We hope you remember that idioms can't be understood literally. So, when somebody says that he is or feels UNDER THE WEATHER, it means that he doesn't feel good, he is ill or he feels sick.
You can ask, " So what does it have to do with the weather then?" You will have to read about the origin of this idiom to understand it better.
It all started back in the days when ships were powered by sail. The ship captain had to log documented everything that happened during the day. One of the columns in the log was for the names of the sailors who were sick that day. The second column was for the weather conditions. Sailors spent a lot of time together and did not have doctors or good medicine there, so the sickness spread very fast. As a result, the names of the sailors who were ill could not fit in the first column and the captain had to write the rest of the names in the second column of the log. And as you remember, it was THE WEATHER column. So, those sailors were UNDER THE WEATHER.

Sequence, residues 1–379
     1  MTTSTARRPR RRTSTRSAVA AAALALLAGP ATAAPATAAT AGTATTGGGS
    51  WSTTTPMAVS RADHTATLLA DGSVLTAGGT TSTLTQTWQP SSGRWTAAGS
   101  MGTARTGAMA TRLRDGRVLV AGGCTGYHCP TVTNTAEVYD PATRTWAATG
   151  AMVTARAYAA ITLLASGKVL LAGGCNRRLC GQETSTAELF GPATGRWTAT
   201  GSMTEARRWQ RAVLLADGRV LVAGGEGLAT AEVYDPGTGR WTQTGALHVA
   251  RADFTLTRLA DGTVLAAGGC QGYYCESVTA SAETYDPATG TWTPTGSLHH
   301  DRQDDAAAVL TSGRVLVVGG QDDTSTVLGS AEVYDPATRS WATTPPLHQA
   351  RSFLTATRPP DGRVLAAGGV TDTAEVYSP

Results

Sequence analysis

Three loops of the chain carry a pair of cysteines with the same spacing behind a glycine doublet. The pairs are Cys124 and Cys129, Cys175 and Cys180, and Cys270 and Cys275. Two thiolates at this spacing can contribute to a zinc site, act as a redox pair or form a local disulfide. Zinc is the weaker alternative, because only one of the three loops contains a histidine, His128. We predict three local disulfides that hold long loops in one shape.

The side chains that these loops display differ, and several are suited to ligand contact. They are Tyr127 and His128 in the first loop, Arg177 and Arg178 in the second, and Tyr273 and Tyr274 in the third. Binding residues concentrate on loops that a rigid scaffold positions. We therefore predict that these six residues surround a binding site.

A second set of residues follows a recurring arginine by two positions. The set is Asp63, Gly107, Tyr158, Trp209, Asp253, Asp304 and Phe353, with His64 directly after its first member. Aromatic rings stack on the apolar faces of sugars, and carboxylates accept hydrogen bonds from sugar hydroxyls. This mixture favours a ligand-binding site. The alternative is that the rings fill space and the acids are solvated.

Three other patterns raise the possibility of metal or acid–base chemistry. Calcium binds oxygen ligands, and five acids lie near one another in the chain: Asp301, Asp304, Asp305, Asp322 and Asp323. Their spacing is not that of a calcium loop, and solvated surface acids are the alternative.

We hope you are not feeling under the weather today!